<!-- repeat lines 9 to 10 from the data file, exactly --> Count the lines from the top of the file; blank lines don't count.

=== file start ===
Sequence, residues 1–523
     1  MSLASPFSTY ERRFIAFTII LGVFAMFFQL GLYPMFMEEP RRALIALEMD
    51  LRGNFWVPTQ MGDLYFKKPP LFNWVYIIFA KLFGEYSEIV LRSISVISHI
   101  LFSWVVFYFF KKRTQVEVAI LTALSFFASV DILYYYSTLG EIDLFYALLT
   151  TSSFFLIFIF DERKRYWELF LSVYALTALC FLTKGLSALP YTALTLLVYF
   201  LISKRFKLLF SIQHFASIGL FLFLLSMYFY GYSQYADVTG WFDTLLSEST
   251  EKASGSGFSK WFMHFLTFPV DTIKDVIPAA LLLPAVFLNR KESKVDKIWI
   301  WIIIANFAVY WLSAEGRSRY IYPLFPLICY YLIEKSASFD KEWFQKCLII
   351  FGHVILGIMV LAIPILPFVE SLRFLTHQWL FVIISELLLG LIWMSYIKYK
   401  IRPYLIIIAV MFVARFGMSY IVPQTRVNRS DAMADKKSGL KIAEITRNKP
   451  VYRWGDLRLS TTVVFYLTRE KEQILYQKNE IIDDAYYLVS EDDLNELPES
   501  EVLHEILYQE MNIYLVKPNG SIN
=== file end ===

   351  FGHVILGIMV LAIPILPFVE SLRFLTHQWL FVIISELLLG LIWMSYIKYK
   401  IRPYLIIIAV MFVARFGMSY IVPQTRVNRS DAMADKKSGL KIAEITRNKP